Fr. James' Lectionary

The Lectionary is both a reading program for completing all of Holy Scripture on a one year schedule, and a daily comment on a portion of the day's reading wedded to a poem to give an added perspective on the theme.

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Location: Amherst, Virginia, United States

Sunday, February 05, 2006

Feeble Knees No Longer

Daily Readings
Psalm 38 Genesis 33 Isaiah 35 Mark 3

Daily Text: Isaiah 35

Feeble Knees No Longer
The prophet brought warning and after warning hope, rather like sunshine after rain. This passage is just that—hope for Judah following the forecast doom of Edom. It is also a message of hope to complete the early book of Isaiah. Following this chapter comes 36-39 which more properly belong to the historical account of I Kings and then the prophecy of Second Isaiah. So this bright message of hope completes First Isaiah’s corpus. It picks up themes which are common in Second Isaiah, but it does so in reference to the prophecy of First Isaiah.
Here the prophet attempts to ‘strengthen the weak hands, and make firm the feeble knees. He suggests that God’s vengeance on the nations is for the sake of Judah and her salvation. Iniquity is a terrible thing, but with repentance, God’s judgement is turned away and the land will bloom where it was formerly dry and waste. Rebellion against the Holy One of Israel has terrible consequences, but turning to him brings great delight. There in the wilderness of God’s judgment shall be a highway for the people of God. Once on that highway not even a fool can get lost. It leads inexorably, safely and joyfully to the Mount of God in Zion.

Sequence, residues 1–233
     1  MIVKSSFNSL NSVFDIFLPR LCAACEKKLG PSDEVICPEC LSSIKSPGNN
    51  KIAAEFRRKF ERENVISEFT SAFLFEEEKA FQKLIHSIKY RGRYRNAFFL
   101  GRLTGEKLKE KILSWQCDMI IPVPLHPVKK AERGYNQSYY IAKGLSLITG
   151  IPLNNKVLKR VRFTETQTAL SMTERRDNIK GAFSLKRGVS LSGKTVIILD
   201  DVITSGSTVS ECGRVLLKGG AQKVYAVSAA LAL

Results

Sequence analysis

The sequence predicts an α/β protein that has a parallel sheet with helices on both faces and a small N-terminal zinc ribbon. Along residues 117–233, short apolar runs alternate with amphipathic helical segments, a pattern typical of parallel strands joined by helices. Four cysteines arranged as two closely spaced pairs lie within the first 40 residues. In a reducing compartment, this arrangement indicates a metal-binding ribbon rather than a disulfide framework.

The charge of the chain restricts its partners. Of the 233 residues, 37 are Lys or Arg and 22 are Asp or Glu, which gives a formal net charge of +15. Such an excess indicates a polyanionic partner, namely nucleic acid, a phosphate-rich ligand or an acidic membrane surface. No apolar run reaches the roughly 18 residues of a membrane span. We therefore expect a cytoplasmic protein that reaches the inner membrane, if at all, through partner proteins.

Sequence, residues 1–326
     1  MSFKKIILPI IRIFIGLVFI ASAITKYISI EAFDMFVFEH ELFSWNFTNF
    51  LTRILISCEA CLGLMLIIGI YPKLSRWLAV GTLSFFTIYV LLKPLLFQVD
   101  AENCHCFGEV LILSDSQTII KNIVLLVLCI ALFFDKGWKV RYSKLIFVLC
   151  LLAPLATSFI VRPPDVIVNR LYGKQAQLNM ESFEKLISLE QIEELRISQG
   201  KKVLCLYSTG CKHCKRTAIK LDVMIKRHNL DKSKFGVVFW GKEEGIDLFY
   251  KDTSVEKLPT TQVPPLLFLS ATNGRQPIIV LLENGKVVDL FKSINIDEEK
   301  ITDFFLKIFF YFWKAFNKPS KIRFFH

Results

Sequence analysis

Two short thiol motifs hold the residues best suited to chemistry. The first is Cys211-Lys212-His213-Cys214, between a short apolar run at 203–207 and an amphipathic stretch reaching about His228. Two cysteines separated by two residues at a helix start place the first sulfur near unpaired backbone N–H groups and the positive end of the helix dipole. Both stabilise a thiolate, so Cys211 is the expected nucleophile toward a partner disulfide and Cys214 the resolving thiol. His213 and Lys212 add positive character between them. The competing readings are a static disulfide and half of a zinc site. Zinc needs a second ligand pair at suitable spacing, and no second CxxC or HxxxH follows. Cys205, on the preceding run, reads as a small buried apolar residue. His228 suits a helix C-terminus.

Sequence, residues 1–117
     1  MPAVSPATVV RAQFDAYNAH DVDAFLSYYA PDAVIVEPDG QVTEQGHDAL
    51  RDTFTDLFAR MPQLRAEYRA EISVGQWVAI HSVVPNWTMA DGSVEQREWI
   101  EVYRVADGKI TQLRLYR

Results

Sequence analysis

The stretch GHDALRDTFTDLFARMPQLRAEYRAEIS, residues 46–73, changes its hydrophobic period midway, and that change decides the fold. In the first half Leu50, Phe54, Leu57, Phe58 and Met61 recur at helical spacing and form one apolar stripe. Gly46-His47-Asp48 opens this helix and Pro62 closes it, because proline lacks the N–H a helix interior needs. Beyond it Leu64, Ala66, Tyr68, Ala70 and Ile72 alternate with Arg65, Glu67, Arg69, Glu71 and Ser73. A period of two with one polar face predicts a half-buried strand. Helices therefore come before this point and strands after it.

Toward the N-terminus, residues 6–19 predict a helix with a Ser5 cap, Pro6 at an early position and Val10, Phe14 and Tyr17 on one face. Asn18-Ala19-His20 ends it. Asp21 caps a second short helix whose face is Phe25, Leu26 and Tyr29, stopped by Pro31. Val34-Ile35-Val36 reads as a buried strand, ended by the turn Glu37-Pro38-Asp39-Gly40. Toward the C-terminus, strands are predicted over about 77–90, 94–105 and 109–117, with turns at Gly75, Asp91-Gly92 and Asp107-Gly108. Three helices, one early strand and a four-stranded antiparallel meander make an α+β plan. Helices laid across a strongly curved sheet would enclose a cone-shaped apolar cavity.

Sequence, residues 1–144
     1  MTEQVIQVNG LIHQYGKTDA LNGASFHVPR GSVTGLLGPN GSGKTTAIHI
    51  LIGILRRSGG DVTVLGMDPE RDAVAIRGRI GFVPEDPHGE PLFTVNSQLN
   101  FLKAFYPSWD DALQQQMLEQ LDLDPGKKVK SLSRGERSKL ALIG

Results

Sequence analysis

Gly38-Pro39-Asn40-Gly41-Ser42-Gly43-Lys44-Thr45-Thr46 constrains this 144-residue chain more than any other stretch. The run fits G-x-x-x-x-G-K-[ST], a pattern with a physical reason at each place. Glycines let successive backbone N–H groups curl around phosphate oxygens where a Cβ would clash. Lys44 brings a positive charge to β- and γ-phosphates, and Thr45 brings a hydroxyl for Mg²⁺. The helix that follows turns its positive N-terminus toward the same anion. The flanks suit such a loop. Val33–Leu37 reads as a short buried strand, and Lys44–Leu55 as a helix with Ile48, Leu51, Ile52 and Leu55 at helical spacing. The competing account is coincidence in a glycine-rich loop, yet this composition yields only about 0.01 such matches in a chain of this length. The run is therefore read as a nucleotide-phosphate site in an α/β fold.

Isaiah XXXV
John Gardiner Calkins Brainard
1796-1828

A rose shall bloom in the lonely place,
A wild shall echo with sounds of joy,
For heaven’s own gladness its bounds shall grace,
And forms angelic their songs employ.

And Lebanon’s cedars shall rustle their boughs,
And fan their leaves in the scented air;
And Carmel and Sharon shall pay their vows,
And shout, for the glory of God is there.

O say to the fearful, Be strong of heart;
He comes in vengeance, but not for thee;
For thee He comes, his might to impart
To the trembling hand and the feeble knee.

The blind shall see, the deaf shall hear,
The dumb shall raise their notes for Him,
The lame shall leap like the unharmed deer,
And the thirsty shall drink of the holy stream.

And the parchèd ground shall become a pool,
And the thirsty land a dew-washed mead;
And where the wildest beasts held rule,
The harmless of His fold shall feed.

There is away, and a holy way,
Where the unclean foot shall never tread,
But from it the lowly shall not stray,
To it the penitent shall be ded.

No lion lhsall rouse him from his lair,
Nor wild beast rave in foaming rage;
But the redeemed of the earth shall there
Pursue their peaceful pilgrimage.

The ransomed of God shall return to him
With a chorus of joy to an angel’s lay;
With a tear of grief shall no eye be dim,
For sorrow and sighing shall flee away.
411:396

Collect for the Day
i thank You God for most this amazing
day:for the leaping greenly spirits of trees
and a blue true dream of sky;and for everything
which is natrual which is infinite which is yes

(i who have died am alive again today,
and this is the sun’s birthday;this is the birth
day of life and of love and wings:and of the gay
great happening illimitably earth)

how should tasting touching hearing seeing
breathing any—lifted from the no
of all nothing—human merely being
doubt unimaginable You?

(now the ears of my ears awake and
now the eyes of my eyes are opened)
[by e. e. cummings, from Selected Poems, 1923-1958;
477:241:33]

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